Activists on both sides of abortion battle demonstrate in suburbs
People on both sides of the abortion fight commandeered parks, sidewalks and other public venues Friday across Chicago and the suburbs to celebrate -- or protest -- the U.S. Supreme Court's decision to overturn the 1973 Roe v. Wade ruling.
About 30 abortion foes gathered at the Rita Mullins Volunteer Plaza at the corner of Northwest Highway and Hicks Road in Palatine midday Friday to rejoice over the court's decision.
With Christian pop music playing over a portable public address system, they waved signs at passing cars with slogans such as "Honk against abortion" -- and they cheered when the drivers obliged.
Rally organizer Maria Goldstein, a Rolling Meadows resident and the co-founder of Northwest Families for Life, said the court's ruling gave her and other anti-abortion activists hope that more pregnant women will make decisions "that will give life, not take life."
Not all the drivers who passed the demonstrators agreed with their cause, as the Rev. Calvin Lindstrom of Christian Liberty Academy noted in a group prayer.
"We thank you for the honks of approval today and even the fingers raised," Lindstrom said.
The Palatine rally was one of many in the suburbs -- both for and against the ruling.
Anti-abortion demonstrators also were scheduled to gather Friday in Chicago, Downers Grove, Highland Park, Woodstock and elsewhere. Abortion-rights supporters assembled in Chicago, Arlington Heights, Aurora and other suburbs.
In Wheaton, more than 130 people rallied in support of abortion rights. State Rep. Terra Costa Howard, a Glen Ellyn Democrat, was among those who spoke to the crowd.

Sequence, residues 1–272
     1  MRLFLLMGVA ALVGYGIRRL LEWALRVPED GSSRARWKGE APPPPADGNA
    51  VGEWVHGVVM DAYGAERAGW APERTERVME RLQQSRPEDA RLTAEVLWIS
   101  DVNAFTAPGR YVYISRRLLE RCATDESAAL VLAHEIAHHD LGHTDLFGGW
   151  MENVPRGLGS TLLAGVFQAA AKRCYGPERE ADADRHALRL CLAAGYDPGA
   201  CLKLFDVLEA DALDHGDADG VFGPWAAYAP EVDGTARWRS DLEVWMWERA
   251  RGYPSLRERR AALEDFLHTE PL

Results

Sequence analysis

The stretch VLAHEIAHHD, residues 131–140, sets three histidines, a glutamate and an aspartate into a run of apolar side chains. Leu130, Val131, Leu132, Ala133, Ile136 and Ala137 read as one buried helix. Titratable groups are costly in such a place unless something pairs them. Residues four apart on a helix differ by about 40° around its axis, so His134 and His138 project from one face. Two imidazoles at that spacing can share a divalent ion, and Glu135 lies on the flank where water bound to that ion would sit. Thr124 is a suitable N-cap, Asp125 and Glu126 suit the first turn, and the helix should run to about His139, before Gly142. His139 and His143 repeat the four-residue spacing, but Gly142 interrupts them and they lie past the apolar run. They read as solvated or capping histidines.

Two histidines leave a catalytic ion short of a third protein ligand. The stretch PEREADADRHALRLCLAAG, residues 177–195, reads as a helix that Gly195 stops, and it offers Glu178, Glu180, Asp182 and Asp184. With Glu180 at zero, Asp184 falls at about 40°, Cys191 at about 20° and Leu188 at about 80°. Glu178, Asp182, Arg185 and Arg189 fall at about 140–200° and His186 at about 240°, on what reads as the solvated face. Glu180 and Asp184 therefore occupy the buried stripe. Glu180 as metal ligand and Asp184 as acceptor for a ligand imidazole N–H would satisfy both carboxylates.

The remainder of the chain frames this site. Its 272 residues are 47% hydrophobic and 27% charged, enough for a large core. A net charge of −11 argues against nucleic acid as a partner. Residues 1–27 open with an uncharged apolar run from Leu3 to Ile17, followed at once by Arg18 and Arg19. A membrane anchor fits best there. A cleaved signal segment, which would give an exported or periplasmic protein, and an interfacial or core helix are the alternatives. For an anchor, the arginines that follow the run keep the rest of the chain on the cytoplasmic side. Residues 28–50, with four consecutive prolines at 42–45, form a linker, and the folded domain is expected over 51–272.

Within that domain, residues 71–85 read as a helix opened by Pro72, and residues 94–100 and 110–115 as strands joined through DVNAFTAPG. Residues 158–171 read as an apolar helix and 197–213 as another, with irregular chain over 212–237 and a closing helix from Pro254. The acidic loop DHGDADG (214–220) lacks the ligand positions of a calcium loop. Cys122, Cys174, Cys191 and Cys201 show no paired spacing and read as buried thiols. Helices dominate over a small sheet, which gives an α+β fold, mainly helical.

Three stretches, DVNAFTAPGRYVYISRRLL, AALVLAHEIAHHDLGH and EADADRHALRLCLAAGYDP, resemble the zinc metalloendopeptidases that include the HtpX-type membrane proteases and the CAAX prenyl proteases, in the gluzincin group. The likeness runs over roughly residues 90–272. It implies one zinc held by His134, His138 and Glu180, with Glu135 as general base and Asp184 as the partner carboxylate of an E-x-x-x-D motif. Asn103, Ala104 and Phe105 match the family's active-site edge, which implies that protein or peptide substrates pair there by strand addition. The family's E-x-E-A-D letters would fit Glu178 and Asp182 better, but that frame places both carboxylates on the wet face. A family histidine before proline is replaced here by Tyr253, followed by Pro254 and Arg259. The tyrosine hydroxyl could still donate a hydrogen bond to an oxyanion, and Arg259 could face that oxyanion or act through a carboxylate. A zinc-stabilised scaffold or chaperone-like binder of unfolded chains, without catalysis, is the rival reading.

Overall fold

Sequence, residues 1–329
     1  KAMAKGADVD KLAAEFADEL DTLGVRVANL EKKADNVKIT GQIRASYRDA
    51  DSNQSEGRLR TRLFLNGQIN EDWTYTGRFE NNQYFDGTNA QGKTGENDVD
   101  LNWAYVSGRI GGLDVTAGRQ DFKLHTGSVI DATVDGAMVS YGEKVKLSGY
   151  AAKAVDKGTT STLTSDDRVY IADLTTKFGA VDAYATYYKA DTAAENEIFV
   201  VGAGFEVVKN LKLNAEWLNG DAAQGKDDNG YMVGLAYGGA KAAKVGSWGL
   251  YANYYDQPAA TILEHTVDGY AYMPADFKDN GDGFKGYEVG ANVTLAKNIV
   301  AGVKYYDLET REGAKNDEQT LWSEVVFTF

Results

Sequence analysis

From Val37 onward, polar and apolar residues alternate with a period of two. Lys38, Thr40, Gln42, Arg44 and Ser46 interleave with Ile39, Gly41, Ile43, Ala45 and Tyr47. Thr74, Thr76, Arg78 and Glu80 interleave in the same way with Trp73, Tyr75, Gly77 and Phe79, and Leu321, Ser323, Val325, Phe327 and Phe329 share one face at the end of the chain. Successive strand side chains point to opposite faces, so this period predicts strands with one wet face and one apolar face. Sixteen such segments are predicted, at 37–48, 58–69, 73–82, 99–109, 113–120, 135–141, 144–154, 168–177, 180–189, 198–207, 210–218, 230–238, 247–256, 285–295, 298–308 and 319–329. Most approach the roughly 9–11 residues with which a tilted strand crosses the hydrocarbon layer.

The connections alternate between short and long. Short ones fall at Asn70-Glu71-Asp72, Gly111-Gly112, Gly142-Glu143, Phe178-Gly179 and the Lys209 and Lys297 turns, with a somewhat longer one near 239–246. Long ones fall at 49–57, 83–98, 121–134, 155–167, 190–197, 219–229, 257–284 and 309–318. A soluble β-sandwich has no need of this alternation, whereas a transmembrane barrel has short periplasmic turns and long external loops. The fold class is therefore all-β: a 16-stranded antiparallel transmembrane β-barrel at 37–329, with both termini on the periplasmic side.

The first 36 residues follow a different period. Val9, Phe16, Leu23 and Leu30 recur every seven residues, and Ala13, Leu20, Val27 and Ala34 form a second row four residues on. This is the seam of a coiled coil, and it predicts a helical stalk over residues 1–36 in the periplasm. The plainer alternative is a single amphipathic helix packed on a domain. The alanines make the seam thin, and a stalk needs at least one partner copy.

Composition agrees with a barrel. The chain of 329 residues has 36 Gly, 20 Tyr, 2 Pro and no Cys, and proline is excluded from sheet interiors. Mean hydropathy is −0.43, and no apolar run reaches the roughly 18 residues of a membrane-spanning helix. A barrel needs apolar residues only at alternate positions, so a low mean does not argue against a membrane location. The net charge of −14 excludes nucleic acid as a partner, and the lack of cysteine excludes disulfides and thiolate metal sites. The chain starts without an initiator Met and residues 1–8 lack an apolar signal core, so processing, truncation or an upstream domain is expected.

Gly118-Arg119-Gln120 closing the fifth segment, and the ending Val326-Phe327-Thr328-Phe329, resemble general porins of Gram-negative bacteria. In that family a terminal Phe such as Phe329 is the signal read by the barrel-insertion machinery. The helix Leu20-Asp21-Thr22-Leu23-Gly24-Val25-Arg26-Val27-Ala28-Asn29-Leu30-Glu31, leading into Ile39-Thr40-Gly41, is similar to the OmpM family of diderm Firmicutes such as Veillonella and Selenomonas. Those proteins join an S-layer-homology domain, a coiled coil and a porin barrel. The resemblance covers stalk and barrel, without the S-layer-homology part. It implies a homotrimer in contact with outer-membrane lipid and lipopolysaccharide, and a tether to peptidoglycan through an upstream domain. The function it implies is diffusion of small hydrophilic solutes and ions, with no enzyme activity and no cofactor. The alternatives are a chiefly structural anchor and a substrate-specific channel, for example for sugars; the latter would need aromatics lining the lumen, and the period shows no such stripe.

"It's not just a women's issue," she said of abortion. "It's a family issue. It's a people issue. It's a human being issue."
"Today, the Supreme Court said, 'We don't care,'" Costa Howard added. "It's absolutely devastating to watch them disregard precedent."
Dressed in the red cape and white hat of "The Handmaid's Tale," a book and television series about women forced to bear children for others, organizer Jax West of Lisle spoke of the importance of suburban rallies as well as those in Chicago.
"People in the suburbs don't always get this opportunity," said West, of Illinois Handmaids.
Illinois NOW President Laura Welsh attended the Naperville protest.
"Over 350 pro-choice people showed up in Naperville to protest the horrific SCOTUS decision," she said after the rally. "Next, every single one of them who can will vote. Our legislators need to wake up and hear our anger.
"Suburban women turned the 'burbs a beautiful shade of purple. But we're aiming for blue."